Sailing into summer

The MORGAN at Vineyard Haven

Summertime is at my fingertips. I can smell it. No, It’s not just the pine tar that stains my hands – it’s the warm fragrance that surrounds the island of Martha’s Vineyard.

We departed on June 18 from the busy yachting town of Newport. With Narragansett Bay at our stern, the seas began to swell. It took us a day’s sail to reach the island’s northern harbor in Vineyard Haven.

Nine voyagers had joined us for the journey. There was a playwright, a poet, historians, artists and a descendant from the the Wampanoag Tribe (Aquinnah) of Gay Head, Massachusetts. Each person applied back in December with a proposal for a project that would be enhanced by spending a day sailing aboard the Morgan.

One voyager I met was a naval historian named Jason Smith. As the Morgan rolled gracefully over the swells, Jason headed down to the fo’c’sle and climbed into his bunk. He later emerged and told me he was listening to the creaking of the ship’s timbers as the bow plunged from the crests into the swash below.

The other voyagers also appeared caught up in the day. They sang songs and read passages from Moby-Dick.

Matthew Stackpole, this ship's historian reads passages from Moby Dick.

Matthew Stackpole is the Major Gifts Officer for the Morgan‘s restoration and an expert on the vessel’s history. Here he is reading passages from Moby-Dick.

There is something magical about this ship that stirs emotion and enlivens the soul. I can see it in the eyes of everyone on board. When I went aloft, I took a moment to stop and gaze at the horizon.

Although I have only been living aboard the Morgan for three weeks, I’m beginning to reflect on what all of this means to me.

I often imagine myself living among the many hands who walked the decks of this ship over a century ago. Late at night, after everyone else has gone to bed, I sit in the hold reading stories of the ship from sources like John Leavitt’s enthralling history of the Charles W. Morgan and Nelson Cole Haley’s first-hand account in his book Whale Hunt. By the end of this voyage, I hope I can follow their example and have my own story to contribute.

By late afternoon we passed the sandy shores and bluffs of Cuttyhunk Island to the northwest, and for the first time in history, the Charles W. Morgan entered Vineyard Sound.

We arrived in Vineyard Haven to a warm welcome of honking horns and celebratory cannon fire. From what I’ve observed, the island appears flat, full of sand dunes and tidal inlets. Vintage cars and trucks trundle through town hauling various odds and ends, and everyone seems to move at their own pace. This is the island life.

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Gathering on the breakwater to welcome the Morgan

At the end of the long work day, some of the crew went swimming off the ship. I’ve recorded one of the deckhands Aaron practicing his heroic jump off the Morgan’s cathead. Can you tell he’s having fun?

I’ve spent the past two days helping with tightening the rig, and I’ve come to the realization that my work clothes will inevitably end up tarred and tattered. Such is the life on tall ships! Tuning the rig entails tightening the shrouds and the stays. Shrouds are rope ladders that sailors use to climb the masts, and stays are the cables that secure the masts and sails. After several days of sailing, the rig loosens slightly. So we secure the shrouds with homemade tourniquets made from battens twisted with a sticky rope called a spanish windlass. The lanyards that hold the bottom of the shrouds are untied and then cinched by the Spanish windlass. We then connect chain-falls to the tourniquet and take out the slack. It’s a timely process, and the tar on the shrouds tends to get everywhere, but the work has to be done to ensure the safety of the ship.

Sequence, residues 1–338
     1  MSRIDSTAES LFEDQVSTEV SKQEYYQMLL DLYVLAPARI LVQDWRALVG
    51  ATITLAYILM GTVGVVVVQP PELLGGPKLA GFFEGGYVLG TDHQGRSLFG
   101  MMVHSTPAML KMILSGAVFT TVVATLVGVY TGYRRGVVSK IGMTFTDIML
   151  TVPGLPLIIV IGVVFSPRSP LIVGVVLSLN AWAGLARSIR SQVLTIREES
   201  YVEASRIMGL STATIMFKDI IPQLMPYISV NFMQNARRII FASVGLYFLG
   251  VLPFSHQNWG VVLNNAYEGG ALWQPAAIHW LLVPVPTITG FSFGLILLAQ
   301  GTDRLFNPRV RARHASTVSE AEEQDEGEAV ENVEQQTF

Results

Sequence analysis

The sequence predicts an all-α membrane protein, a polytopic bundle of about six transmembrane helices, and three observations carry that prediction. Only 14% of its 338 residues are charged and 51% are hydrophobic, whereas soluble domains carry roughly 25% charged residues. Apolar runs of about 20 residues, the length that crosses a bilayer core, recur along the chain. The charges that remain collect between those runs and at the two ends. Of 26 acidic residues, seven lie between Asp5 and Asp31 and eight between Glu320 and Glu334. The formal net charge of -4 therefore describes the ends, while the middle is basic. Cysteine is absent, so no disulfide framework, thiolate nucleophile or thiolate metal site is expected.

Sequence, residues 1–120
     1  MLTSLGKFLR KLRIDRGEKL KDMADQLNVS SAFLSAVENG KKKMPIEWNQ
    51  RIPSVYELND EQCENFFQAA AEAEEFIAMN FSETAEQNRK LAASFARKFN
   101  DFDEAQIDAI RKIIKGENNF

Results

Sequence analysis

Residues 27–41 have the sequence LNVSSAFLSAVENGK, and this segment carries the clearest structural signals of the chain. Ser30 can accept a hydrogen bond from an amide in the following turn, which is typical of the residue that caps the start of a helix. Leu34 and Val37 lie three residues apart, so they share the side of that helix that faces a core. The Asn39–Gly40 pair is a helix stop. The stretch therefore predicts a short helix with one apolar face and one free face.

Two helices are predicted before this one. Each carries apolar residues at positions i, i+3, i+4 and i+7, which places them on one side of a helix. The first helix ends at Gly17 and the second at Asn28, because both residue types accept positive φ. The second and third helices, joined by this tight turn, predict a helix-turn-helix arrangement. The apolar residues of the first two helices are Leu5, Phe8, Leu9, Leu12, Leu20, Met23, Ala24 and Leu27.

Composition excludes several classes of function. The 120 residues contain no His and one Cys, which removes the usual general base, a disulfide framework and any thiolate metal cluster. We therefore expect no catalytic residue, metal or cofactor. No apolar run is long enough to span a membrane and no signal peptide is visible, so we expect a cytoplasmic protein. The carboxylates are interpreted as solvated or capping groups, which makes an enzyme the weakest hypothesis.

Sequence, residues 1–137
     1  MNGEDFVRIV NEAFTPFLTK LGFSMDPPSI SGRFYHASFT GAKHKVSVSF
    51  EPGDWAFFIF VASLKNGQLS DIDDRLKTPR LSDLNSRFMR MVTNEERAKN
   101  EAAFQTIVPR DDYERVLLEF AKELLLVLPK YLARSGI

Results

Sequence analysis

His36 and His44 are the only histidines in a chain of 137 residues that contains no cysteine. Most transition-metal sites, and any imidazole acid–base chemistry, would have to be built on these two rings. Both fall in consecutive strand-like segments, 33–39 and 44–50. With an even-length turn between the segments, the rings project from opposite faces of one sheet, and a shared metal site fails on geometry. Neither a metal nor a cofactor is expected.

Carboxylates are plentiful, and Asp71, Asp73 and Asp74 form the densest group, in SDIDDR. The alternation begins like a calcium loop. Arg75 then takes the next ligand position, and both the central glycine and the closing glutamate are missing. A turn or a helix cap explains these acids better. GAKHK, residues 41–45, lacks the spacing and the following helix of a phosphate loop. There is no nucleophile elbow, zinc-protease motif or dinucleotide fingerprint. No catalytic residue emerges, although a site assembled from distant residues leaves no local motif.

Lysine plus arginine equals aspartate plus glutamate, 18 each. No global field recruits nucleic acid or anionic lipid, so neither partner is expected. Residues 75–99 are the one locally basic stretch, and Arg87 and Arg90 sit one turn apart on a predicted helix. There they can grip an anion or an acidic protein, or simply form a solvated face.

Pine tar, YUM!

Pine tar, YUM!

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Dan goes aloft for rig tightening

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The crew now sings while we work. The first mate was serenaded with a rousing rendition of the Disney musical “Newsies.” Although he won’t admit it, I think the first mate Sam secretly likes it. I’m hoping we get some chanteys under our belt before we get to New Bedford.

Starboard watch took one of the whaleboats out sailing yesterday. It’s really impressive to watch those little boats slice and tack through the waters. I will be making a whaleboat video soon, so be on the lookout! Here’s a preview.

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The weekend is almost here, and I’m looking forward to exploring the rest of the island. If you happen to be visiting the Vineyard, be sure to check out our dockside exhibit. The Morgan will be open for tours. Stop by and say hello!

Oh, and the crew have also settled on “Stowie” as my official nickname. Although there were many notable ones like “Baggiewrinkle,” “Dunnage,” and “Muktuk,” the name “Stowie” is what rolls off the tongue.

So call me Stowie.

More adventures to come,